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Cypen & Cypen
NOVEMBER 24, 2004

Stephen H. Cypen, Esq., Editor

Never Forget - September 11, 2001


The Center for Retirement Research at Boston College has issued another scholarly working paper. The paper finds that the trend toward earlier and earlier retirement has slowed, and, perhaps, even reversed. Many explanations are possible: elimination of mandatory retirement, cessation of the expansion of Social Security, reduction of retirement incentives within Social Security and the changing nature of the private pension system. The work explores the last issue -- how pension coverage and the type of pension affect timing of retirement. One would anticipate that pension coverage would increase the likelihood of expected and actual retirement. Workers get benefits, and those benefits enable them to retire earlier than they would have been able to without a pension. The story is more complicated, however, because the type of pension also matters. Defined benefit and defined contribution plans have different financial incentives, different ways of paying benefits and different types of risks. Provisions in many traditional defined benefit plans offer a significant subsidy for early retirement, while 401(k) plans are neutral with respect to retirement age. In defined benefit plans, the employer bears investment and interest rate risk; in 401(k) plans, the employee bears that risk. The first part of the analysis looked at expected retirement age for those working in 1992. As predicted, presence of pension wealth lowers the expected retirement age for those with pensions compared to those without. The second part of the analysis considered the effects of pensions on probability of retiring in one wave, given respondent was working in the previous wave. The conclusion that emerges from this section is that pension coverage and type are important determinants not only of expected retirement age but also of actual retirement age. Results of the third exercise, which explores the reasons for retiring earlier than planned, may be the most interesting: people covered by pensions are in the position better to plan their withdrawal from the labor force. Implications going forward are threefold. One, the shift from defined benefit to defined contribution plans will eliminate much of the incentive for early retirement. Two, the apparent decline in pension coverage will mean that a smaller part of the work force will have the pension wealth that enables people to retire. Three, the decline in pension coverage will make it more difficult for people to plan when they will be able to leave their jobs.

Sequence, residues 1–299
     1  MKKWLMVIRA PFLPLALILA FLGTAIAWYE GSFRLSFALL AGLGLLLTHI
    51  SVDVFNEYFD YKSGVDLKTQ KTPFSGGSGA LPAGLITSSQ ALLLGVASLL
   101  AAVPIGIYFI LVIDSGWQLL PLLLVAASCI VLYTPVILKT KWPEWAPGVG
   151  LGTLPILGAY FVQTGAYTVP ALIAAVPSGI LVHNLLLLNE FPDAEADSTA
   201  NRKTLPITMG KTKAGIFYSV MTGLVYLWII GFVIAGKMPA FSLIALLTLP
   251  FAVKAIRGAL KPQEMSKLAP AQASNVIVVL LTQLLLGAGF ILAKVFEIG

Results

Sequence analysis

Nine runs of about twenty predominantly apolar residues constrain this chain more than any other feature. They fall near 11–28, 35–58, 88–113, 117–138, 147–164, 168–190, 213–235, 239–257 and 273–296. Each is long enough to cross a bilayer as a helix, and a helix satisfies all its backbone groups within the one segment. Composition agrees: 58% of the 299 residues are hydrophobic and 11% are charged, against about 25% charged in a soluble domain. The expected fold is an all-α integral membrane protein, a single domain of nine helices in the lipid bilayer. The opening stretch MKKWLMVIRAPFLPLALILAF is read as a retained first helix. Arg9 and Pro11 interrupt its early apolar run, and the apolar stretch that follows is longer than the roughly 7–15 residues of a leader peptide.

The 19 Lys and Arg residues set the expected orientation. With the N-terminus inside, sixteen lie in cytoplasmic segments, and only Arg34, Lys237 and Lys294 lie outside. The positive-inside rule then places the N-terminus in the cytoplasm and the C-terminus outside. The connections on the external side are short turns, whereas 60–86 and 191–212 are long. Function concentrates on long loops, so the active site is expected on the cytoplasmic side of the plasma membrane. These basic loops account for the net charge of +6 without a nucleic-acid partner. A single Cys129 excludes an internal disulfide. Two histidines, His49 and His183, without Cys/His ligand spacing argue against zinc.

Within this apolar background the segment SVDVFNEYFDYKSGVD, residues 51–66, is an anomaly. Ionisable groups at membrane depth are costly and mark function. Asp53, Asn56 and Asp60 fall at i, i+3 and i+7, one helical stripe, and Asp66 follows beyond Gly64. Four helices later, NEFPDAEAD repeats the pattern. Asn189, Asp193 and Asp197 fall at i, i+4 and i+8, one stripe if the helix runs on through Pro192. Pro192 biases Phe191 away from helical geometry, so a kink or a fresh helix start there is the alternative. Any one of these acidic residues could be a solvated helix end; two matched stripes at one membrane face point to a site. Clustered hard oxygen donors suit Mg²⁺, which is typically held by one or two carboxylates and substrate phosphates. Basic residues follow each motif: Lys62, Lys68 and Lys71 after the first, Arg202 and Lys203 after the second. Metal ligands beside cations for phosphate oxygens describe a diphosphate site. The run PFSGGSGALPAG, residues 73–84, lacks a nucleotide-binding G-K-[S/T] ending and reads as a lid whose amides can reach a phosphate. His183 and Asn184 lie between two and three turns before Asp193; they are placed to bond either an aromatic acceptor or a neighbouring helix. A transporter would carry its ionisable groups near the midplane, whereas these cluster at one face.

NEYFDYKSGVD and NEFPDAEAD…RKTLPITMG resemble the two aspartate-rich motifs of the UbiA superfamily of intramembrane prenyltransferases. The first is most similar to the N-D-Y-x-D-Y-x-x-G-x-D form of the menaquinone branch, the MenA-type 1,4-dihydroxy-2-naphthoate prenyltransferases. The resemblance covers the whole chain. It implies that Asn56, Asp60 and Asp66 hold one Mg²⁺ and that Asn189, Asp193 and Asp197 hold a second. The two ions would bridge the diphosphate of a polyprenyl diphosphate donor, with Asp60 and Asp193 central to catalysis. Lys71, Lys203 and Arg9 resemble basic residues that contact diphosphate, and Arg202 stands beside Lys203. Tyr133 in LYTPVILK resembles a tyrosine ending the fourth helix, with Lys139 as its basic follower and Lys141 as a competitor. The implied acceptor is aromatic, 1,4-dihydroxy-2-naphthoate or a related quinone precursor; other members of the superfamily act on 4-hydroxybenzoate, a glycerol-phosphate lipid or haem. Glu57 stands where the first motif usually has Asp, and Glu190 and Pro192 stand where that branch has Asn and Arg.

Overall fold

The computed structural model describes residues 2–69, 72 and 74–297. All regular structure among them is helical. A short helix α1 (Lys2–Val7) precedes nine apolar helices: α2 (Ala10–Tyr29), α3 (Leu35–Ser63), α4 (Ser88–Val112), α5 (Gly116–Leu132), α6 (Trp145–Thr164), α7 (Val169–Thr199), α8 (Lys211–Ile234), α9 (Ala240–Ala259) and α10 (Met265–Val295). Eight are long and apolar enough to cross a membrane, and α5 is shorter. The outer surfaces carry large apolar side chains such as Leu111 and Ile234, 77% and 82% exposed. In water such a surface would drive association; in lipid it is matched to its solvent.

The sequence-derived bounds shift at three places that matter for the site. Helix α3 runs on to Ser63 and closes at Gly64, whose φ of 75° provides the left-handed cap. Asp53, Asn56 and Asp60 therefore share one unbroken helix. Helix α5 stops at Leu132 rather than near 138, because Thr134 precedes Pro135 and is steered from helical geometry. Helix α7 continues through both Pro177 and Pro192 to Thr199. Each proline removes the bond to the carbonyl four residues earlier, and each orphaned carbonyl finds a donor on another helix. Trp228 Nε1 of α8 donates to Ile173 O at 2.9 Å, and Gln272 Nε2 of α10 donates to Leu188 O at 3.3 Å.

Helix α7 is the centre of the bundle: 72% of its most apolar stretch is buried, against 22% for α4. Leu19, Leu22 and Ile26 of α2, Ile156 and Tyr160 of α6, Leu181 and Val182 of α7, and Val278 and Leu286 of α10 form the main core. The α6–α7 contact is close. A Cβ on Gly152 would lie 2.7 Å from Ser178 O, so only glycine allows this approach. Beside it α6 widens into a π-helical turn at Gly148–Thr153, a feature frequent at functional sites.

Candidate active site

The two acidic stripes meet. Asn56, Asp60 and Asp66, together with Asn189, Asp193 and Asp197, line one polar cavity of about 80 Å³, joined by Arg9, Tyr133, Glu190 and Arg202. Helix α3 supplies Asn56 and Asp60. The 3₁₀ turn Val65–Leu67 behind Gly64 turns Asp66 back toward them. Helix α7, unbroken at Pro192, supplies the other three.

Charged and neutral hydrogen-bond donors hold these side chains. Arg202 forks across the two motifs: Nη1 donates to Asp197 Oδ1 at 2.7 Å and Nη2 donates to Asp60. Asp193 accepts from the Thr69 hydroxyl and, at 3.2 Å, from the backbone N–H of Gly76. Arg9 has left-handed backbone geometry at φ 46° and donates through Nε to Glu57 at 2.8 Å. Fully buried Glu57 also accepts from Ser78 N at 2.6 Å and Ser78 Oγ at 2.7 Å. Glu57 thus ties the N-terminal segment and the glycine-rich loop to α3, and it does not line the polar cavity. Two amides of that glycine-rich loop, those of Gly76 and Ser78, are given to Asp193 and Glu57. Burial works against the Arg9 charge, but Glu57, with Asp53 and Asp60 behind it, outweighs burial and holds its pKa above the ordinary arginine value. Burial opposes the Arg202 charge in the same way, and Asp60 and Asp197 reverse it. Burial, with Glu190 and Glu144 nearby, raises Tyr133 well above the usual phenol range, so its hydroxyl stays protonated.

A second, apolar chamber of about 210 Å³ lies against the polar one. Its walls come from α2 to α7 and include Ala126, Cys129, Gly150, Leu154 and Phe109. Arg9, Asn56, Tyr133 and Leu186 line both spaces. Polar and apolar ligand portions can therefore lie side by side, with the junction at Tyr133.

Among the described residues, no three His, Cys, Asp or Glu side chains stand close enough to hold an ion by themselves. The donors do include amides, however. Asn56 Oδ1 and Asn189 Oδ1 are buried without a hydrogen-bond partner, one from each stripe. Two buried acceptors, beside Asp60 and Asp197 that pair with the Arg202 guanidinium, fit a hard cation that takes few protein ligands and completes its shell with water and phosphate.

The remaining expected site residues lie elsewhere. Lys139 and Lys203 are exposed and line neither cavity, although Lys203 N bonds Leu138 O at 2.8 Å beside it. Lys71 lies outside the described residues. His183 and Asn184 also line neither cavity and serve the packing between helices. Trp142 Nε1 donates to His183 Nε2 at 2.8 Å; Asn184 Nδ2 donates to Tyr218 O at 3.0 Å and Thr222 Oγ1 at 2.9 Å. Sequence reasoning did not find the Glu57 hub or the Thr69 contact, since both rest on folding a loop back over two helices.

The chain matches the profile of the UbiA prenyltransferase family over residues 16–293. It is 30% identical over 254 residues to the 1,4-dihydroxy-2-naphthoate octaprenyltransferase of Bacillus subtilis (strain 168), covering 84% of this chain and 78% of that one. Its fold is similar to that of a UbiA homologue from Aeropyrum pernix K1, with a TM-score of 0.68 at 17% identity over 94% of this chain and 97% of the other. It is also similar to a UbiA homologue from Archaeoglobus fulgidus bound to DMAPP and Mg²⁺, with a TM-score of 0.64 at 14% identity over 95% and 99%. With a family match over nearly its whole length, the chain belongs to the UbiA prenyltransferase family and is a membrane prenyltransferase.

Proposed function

Updating earlier revenue procedures, Rev. Proc. 2004-64 updates optional standard mileage rates for employees, self-employed individuals or other taxpayers to use in computing deductible costs of operating an automobile for business, charitable, medical or moving expense purposes. The revenue procedure also provides rules under which the amount of ordinary necessary expenses of local travel or transportation away from home that are paid or incurred by an employee will be deemed substantiated if a payor (employer, for example) provides a mileage allowance under a reimbursement or other expense allowance arrangement to pay for the expenses. Use of a method of substantiation described in the revenue procedure is not mandatory, and a taxpayer may use actual allowable expenses if the taxpayer maintains adequate records or other sufficient evidence for proper substantiation. The standard mileage rates are summarized as follows:

Business 40.5¢ per mile (up from 37.5¢)
Medical and moving 15¢ per mile (up from 14¢)
Charitable 14¢ per mile

The rates are effective with respect to transportation expenses paid or incurred on or after January 1, 2005.


A Bloomberg news report indicates that mutual funds that buy bank loans are attracting cash at a faster pace than U.S. bond and money market funds, as investors try to keep up with rising interest rates. Funds that buy U.S. loans received more than a net $12 Billion this year, boosting assets by 55%, compared with 1.6% added to bond funds and 7.4% pulled away from money market funds. Because loans typically reset every three months, loan fund investors benefitted as the Federal Reserve raised its interest-rate target four times since June. Expectations for higher interest bonds usually cause bond yields to rise and prices to drop. The U.S. Federal Reserve recently said it would continue to boost its interest-rate target for overnight loans between banks at a “measured pace.”